Beaten on Gay Marriage, Rightbloggers Begin Berating Straights
Maybe it's because everyone's sick of fighting over gay marriage. Maybe it's because our rightblogger friends' tactic of Adam-and-Steving the issue hasn't helped their increasingly hopeless cause, even within the Republican Party. In any case, some of the brethren are working a new angle.
Well, not totally new. There has long been a body of conservative thought about how it's actually straight marriage that needs fixing, and in these dark days for the anti-gay cause, that kind of thinking is catching on with rightbloggers. The basic premise: Straights better marry fast and early, because something something values.
Conservatives have been concerned with declining marriage rates for ages--usually on goddamn-hippies, too-much-sex grounds. Some of them have called for laws to be changed to redress the balance. They've denounced no-fault divorce, for example, on the grounds that marriages are a pure social good even when they're miserably unhappy. "No-fault divorce laws were a mistake that encouraged marital irresponsibility," wrote some guy who's president of one of the hundreds of rightwing organizations that have "Marriage" in the title. "No Fault Divorce Was the Bullet to the Brain of Marriage," cried Mark Shea.
At World magazine, Alisa Harris told the heartbreaking story of a couple that got divorced, thereby transferring misery from the wife to the husband, which Harris seemed to find unfair; "It's just too easy [to divorce]," the husband told Harris. "She could literally change her life overnight." We can see how conservatives would find this frustrating.
Conservatives have even been willing to let the evil federal government intervene to encourage marriage, at least when they're in charge, as with George W. Bush's $1.5 billion "promotion of marriage" program in 2004, an expenditure which, so far as we remember, none of the currently budget-conscious Republicans complained about at the time.
Some of the brethren have defended such programs on the grounds that they're cost-effective--because marriage by itself makes people rich. In 2002 small-government conservative Rich Lowry of National Review criticized a welfare bill that would "pay--and reward--single moms for being single moms"; if we stopped paying them, Lowry reasoned, they might get married, and that would be super: "If [unwed fathers] were to marry the mothers of their children, 75 percent of the mothers would be lifted out of poverty," he claimed. "In roughly two-thirds of the cases, the mothers would be lifted out of poverty without even having to work themselves." Lifted out of poverty without working? They should bottle this "marriage" stuff!
This idea has persisted, even, we might say, metastasized; when Katie Roiphe postulated in 2012 on a future world without marriage, at National Review Heather Mac Donald snarled that "actually, we know already" what such a world would be like--"It's called the ghetto." So, just as marriage can make everyone rich, lack of marriage can make everyone poor. It's that powerful!
In recent years, the idea that marriage makes you rich has become an important part of the marriage-mania schtick--as has a pretense, calculated to draw in more soft-hearted auditors, of concern for the poor.
Take Charles Murray. He's the author of The Bell Curve, a book beloved of rightbloggers because it implies black people are intellectually inferior to white people. This may be why, when Murray considered the fate of America's under-married working class in his 2012 book Coming Apart, he said he had deliberately left black people out of his projections "as a way of clarifying how broad and deep the cultural divisions in the U.S. have become," he said. Yeah, we get it, buddy.
Murray noticed that wealthier Americans were still getting married before having kids, while poorer Americans were not. But unlike you and us, Murray dismissed the idea that this had anything to do with the drastically reduced economic opportunities for blue-collar workers these days; rather, he thought it was because poor people didn't know that marriage and hard work are good for you -- because richer Americans had stopped telling them so, out of a "condescending 'nonjudgmentalism.'"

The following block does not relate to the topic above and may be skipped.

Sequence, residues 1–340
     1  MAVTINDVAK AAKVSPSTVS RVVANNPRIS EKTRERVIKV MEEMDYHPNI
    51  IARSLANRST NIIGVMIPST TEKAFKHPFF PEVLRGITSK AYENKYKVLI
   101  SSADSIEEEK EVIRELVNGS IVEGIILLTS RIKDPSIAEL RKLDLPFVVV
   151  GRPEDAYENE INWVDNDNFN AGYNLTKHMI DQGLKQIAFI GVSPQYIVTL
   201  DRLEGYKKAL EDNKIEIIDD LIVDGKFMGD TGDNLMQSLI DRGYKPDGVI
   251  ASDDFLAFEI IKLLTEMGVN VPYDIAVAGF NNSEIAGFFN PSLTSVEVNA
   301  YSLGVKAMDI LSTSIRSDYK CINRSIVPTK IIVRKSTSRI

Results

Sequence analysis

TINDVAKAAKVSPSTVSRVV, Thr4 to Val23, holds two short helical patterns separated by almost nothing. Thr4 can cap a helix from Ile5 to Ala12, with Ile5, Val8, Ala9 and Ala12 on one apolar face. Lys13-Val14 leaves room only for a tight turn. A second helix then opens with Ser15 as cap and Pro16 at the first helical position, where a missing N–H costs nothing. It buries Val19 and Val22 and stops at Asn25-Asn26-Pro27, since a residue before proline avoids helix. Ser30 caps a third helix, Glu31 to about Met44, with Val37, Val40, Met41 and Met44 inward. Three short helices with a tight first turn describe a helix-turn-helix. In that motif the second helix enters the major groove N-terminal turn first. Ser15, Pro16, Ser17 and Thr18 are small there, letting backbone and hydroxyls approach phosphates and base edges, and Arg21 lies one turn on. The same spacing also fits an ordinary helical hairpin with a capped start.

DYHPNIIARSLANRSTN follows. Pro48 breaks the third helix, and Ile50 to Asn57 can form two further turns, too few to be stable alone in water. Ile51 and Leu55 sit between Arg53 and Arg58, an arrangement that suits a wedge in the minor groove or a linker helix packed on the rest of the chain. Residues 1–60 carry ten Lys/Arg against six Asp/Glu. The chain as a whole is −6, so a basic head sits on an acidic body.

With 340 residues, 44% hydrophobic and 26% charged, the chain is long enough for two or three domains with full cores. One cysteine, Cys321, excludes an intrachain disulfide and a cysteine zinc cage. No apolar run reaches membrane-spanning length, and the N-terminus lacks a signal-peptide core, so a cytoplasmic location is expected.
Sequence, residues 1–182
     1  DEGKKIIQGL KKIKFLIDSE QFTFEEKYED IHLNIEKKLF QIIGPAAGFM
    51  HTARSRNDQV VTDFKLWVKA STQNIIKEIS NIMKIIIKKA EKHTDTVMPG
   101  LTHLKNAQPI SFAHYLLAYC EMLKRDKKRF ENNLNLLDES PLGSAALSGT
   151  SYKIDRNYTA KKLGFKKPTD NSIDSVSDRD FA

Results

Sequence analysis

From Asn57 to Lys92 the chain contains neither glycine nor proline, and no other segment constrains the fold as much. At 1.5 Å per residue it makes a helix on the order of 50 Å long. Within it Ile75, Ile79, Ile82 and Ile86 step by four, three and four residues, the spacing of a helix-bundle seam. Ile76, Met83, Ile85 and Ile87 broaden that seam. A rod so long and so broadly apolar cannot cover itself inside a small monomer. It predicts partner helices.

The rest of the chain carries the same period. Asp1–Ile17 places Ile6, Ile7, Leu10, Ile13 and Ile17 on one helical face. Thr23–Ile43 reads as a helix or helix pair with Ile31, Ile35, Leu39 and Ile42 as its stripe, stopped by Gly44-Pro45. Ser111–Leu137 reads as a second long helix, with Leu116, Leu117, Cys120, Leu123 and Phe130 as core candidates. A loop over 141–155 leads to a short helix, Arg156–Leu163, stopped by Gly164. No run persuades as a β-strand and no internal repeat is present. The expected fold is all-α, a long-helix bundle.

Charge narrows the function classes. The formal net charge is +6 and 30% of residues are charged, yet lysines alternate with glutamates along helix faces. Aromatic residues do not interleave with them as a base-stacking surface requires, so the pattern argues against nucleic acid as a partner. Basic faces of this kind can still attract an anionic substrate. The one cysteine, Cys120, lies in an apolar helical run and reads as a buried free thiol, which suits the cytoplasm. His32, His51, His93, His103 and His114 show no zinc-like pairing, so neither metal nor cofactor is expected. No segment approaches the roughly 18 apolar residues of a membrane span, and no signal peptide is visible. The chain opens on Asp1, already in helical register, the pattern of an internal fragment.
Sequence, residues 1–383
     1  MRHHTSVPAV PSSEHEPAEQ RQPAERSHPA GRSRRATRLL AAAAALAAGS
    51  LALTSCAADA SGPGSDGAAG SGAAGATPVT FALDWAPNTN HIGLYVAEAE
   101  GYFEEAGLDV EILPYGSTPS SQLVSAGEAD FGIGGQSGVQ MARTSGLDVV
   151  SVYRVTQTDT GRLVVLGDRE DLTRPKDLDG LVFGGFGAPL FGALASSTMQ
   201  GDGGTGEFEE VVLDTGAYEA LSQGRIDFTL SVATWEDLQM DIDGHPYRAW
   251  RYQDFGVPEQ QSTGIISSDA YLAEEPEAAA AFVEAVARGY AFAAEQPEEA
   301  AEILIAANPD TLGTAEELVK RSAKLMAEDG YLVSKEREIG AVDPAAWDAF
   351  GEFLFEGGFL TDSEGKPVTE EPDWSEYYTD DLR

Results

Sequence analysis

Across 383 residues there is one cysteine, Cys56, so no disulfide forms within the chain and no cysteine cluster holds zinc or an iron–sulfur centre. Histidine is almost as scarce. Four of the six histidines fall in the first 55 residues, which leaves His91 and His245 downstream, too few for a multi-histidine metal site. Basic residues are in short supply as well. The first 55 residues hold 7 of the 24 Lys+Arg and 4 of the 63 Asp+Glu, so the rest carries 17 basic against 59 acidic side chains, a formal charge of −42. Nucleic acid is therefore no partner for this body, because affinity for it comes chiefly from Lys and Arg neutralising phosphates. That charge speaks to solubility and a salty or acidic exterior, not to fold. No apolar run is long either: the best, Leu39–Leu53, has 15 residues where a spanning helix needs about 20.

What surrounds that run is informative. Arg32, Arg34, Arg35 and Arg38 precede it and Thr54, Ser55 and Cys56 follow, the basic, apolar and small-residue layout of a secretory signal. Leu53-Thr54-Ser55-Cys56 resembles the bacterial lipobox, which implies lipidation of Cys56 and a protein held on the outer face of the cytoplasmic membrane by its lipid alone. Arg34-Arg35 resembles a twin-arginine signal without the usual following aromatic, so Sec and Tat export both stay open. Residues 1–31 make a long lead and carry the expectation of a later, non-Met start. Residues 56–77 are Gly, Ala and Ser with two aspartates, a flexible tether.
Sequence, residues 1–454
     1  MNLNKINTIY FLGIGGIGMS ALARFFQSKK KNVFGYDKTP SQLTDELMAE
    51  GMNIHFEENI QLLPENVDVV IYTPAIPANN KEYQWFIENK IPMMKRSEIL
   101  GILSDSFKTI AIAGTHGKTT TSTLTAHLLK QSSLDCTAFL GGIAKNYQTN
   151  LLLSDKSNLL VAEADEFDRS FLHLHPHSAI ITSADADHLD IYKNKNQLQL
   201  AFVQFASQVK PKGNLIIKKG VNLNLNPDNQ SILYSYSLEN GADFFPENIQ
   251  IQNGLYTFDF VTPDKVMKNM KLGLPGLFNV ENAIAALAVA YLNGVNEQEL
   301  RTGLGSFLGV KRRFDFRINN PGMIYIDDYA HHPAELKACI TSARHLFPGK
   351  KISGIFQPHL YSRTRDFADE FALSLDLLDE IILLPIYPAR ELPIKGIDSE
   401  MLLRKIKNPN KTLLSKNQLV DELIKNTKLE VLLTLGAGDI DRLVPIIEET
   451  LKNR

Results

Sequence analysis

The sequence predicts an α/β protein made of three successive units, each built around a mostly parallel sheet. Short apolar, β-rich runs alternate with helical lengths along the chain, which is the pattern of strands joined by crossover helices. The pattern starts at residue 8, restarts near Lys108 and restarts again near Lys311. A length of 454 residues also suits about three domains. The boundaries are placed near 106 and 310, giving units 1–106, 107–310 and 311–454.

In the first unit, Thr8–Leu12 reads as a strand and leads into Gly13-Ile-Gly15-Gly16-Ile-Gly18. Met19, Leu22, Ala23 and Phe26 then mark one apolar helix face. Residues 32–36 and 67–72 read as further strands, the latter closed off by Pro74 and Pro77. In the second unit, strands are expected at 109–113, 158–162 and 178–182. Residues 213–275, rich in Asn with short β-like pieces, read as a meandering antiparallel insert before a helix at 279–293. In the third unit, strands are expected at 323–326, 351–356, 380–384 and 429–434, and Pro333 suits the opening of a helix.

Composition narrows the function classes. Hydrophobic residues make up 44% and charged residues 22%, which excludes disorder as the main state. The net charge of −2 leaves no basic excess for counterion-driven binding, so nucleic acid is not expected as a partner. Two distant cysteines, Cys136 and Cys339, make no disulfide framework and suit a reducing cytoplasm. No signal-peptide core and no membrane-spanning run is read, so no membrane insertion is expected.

Murray suggested "the new upper class must start preaching what it practices," i.e. wealthier Americans should go out among the poor and prosletyze for "marriage and the work ethic," i.e., nag them about it, which if effective would then make everybody rich, or at least the white people.
Murray seems to have been inspired by W. Bradford Wilcox, director of something called the National Marriage Project, who said in 2010 that "family breakdown inhibits the accumulation of assets"--that is, unwed parenthood leads to poverty, not the other way around.
Wilcox at least had a more entertaining, if no more believable, reason for the downtick in marriage than Murray: he said the lower classes had fallen victim to a sentimental idea about marriage--a "soul mate" model rather than a more rugged "'institutional' model" (why, it even sounds like something used in factories!). "More and more Americans think that marriage is about an intense and fulfilling couple-focused relationship," complained Wilcox, which is ridiculous--it's about pooping out kids and working till you have a stroke. But the poor insist on a soul mate thing they can't afford, said Wilcox, and since the "emotional and sexual intensity of the couple relationship waxes and wanes," they naturally wind up unmarried with squalling brats in a trailer, unlike those who never expected to quote-unquote love their partners.
Like Murray, Wilcox believed in nagging--"highly educated Americans," he said, "need to put their privilege in service of the public good by doing a better job of extending their marriage mindset to the rest of America." He didn't say how it would work, but we like to think he sent troupes of pro-marriage troubadours to wander the hinterlands, singing songs of conjugal wealth transference.
Flash forward to 2013: As they found themselves in a post-gay-marriage-acceptance landscape, some rightbloggers who don't normally go on about straight marriage have been taking up the subject--and from their writings we get the distinct sense that they don't mind switching targets as long as they still get to hector somebody about their personal lives.
Reihan Salam, one of the young rightbloggers promoted by the praise of David Brooks and others, took a Wilcoxian view: Degenerate moderns, he complained, had abandoned a "conjugal view of marriage, in which procreation and lifelong marital fidelity are central," and adopted one whereby "children, once at the center of marriage, have now become negotiable, and what used to be negotiable -- love, companionship, sex--has moved to the center."
So, said Salam, maybe conservatives should forget about gay marriage and get to work on straight marriage. His buddy David Blankenhorn, founder of the Institute of Buzzword Buzzword--who Salam said has "emerged as one of the leading critics of same-sex civil marriages," so you know he's hardcore--had in a recent op-ed "called for a kind of truce. 'Instead of fighting gay marriage,' he wrote, 'I'd like to help build new coalitions bringing together gays who want to strengthen marriage with straight people who want to do the same.'" Gays and straights, scolding together! Unfortunately, Salam reported, "Many of Blankenhorn's erstwhile allies saw his op-ed as a capitulation, and as a result the Institute for American Values lost several members of its board." Maybe we should build him a statue.